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NY Mayor Bloomberg Labels Fatal Shooting ...Inexplicable...

By Diane Cardwell
and Sewell Chan
THE NEW YORK TIMES


NEW YORK

Mayor Michael R. Bloomberg convened an extraordinary summit meeting of black religious leaders and elected officials at City Hall Monday to calm frayed tempers over the fatal police shooting of an unarmed black man in Queens, a killing he called “inexplicable” and “unacceptable.”

“It sounds to me like excessive force was used,” the mayor said of the conduct of the officers, who fired 50 shots outside a Queens nightclub early Saturday, killing Sean Bell, 23, hours before he was to be wed, and injuring two others. “I can tell you that it is to me unacceptable or inexplicable how you can have 50-odd shots fired.”

Bloomberg made the remarks after meeting with some of the city’s most influential black politicians and community leaders, including Rep. Charles B. Rangel, the Rev. Al Sharpton and dozens of others. The mayor’s decision to meet with Sharpton and other black leaders was a stark turnabout from the days of Bloomberg’s predecessor, Rudolph W. Giuliani, who did not reach out to black leaders in the immediate aftermath of the fatal 1999 shooting of Amadou Diallo, an unarmed African immigrant who died in a hail of 41 police bullets.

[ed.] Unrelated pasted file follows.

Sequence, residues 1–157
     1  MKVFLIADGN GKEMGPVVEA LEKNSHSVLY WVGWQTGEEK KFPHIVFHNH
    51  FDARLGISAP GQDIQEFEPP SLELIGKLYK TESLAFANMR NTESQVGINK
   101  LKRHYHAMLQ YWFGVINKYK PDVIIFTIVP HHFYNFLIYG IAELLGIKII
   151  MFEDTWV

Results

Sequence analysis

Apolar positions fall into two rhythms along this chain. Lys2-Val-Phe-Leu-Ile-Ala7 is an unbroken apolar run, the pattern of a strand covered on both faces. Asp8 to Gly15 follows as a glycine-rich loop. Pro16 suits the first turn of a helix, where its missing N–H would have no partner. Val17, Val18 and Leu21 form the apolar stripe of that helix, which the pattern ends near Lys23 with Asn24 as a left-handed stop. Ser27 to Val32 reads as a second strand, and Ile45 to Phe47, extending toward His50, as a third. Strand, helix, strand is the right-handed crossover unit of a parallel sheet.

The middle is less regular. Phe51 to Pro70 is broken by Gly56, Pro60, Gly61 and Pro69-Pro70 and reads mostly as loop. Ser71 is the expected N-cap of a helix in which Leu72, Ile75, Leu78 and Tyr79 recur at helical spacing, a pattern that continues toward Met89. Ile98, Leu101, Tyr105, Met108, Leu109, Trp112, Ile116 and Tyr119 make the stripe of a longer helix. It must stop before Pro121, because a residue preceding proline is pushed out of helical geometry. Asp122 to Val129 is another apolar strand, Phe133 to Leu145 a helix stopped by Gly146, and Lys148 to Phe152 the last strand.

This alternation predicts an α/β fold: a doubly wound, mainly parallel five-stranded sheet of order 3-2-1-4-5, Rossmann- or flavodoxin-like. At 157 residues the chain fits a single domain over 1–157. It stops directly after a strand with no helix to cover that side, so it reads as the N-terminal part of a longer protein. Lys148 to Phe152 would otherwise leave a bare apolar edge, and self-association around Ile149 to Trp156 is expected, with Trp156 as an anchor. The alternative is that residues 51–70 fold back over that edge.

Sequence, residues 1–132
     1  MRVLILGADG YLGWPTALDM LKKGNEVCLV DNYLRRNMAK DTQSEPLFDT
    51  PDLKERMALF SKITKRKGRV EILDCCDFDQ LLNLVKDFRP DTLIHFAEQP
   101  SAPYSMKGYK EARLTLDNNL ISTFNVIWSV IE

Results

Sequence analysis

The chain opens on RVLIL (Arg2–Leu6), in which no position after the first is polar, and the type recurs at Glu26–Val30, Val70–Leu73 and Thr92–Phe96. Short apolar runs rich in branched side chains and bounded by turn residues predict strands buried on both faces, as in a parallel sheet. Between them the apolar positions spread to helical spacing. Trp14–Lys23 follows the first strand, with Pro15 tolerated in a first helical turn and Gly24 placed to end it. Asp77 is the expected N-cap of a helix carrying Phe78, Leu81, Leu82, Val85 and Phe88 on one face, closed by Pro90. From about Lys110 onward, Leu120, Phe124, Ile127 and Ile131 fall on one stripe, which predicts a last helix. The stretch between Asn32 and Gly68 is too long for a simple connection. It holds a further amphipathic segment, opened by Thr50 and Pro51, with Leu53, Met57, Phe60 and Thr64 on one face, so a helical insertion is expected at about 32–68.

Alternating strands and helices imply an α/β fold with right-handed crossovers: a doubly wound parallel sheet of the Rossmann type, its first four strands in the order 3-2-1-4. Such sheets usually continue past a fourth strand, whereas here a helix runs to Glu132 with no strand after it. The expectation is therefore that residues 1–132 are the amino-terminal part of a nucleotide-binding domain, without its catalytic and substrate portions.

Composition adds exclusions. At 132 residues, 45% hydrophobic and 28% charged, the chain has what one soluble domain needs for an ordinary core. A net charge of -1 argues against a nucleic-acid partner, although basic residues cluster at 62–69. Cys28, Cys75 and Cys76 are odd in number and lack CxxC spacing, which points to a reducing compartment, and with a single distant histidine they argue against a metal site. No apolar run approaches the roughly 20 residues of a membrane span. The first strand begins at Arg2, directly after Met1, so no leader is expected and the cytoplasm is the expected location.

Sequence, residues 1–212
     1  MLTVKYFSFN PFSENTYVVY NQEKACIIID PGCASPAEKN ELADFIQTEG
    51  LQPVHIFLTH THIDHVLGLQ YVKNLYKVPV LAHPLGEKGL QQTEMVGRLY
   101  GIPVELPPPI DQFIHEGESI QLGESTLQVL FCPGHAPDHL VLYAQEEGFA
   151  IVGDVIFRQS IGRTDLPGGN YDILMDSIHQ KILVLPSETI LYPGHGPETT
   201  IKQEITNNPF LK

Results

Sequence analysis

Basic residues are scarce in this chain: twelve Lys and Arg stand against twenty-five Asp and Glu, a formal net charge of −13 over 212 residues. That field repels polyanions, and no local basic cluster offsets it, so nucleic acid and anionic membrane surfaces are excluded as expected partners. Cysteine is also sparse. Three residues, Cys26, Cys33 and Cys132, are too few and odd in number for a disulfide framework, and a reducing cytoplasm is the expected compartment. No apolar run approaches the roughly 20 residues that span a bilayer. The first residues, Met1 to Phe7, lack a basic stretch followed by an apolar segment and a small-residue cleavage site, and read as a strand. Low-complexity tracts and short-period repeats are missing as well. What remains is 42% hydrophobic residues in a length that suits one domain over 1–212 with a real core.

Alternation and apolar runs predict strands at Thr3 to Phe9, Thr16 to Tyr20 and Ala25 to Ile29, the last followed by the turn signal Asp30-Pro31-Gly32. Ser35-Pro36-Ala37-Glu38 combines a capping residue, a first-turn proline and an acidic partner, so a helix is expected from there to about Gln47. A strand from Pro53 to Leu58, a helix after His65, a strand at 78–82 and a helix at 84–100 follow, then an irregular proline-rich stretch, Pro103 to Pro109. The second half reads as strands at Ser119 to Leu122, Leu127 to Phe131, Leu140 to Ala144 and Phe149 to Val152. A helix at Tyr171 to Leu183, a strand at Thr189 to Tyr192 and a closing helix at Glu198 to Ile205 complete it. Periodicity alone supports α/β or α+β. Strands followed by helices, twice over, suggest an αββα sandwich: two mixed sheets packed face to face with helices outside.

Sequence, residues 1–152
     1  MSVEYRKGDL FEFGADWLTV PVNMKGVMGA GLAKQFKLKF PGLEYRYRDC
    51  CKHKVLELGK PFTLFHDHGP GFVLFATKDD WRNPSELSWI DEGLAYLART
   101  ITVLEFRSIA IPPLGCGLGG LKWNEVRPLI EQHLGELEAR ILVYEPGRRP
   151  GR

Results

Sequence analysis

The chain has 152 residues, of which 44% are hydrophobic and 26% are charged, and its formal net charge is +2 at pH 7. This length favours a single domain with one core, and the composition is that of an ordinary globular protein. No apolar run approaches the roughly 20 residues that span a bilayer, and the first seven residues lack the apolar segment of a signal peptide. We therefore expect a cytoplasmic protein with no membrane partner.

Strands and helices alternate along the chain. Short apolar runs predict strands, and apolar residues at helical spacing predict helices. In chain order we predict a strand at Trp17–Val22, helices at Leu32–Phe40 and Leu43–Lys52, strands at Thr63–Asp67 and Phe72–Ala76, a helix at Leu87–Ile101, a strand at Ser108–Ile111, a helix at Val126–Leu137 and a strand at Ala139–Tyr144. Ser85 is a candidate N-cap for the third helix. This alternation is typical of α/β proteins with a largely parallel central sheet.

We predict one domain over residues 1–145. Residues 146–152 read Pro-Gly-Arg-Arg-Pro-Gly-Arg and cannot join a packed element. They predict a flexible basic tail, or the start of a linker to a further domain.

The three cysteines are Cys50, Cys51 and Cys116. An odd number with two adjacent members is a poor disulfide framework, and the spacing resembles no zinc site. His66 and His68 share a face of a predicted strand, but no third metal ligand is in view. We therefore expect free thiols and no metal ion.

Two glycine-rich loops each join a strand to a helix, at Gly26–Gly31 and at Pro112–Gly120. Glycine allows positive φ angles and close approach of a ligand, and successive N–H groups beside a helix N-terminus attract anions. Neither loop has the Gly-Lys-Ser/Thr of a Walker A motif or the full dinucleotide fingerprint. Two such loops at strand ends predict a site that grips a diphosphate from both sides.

Bloomberg’s blunt assessment of events still under investigation was striking, although he took pains to point out that the facts were not all in, saying several times that he did not yet know what happened in the shooting, which is being reviewed by the Queens district attorney, Richard A. Brown.

In a surprise development, a lawyer representing the officers said they would testify before the grand jury looking into the shooting. The lawyer, Philip E. Karasyk, who works for the Detectives Endowment Association, said, “We feel confident that once all of the facts and circumstance of this tragic incident are known, then our detectives will be exonerated.”

“This was a tragedy, but not a crime,” he said.

Participants at the private meeting at City Hall, which included Police Commissioner Raymond W. Kelly and several high-ranking Bloomberg aides, described the discussions as frequently heated, with the mayor sitting next to leaders who he counts as supporters. Those more critical of the administration’s response to the shooting, including Sharpton and City Councilman Charles Barron of Brooklyn, sat on the opposite side of the table.

Bloomberg’s approach of reaching out to community leaders has drawn praise, but it has left some unconvinced that the underlying conflicts between the police and predominantly black communities are being addressed.

“We prefer talking than not talking, but the object is not a conversation, the object is fairness and justice,” Sharpton said as he left City Hall. “Because we’re not just interested in being treated politely, we’re interested in being treated fairly and rightly. And that will happen when police are held as accountable as anyone else.”

Bloomberg pledged to do just that, saying that the city would review its policies and training procedures to ensure fair treatment, but he added that he did not believe the shooting was racially motivated.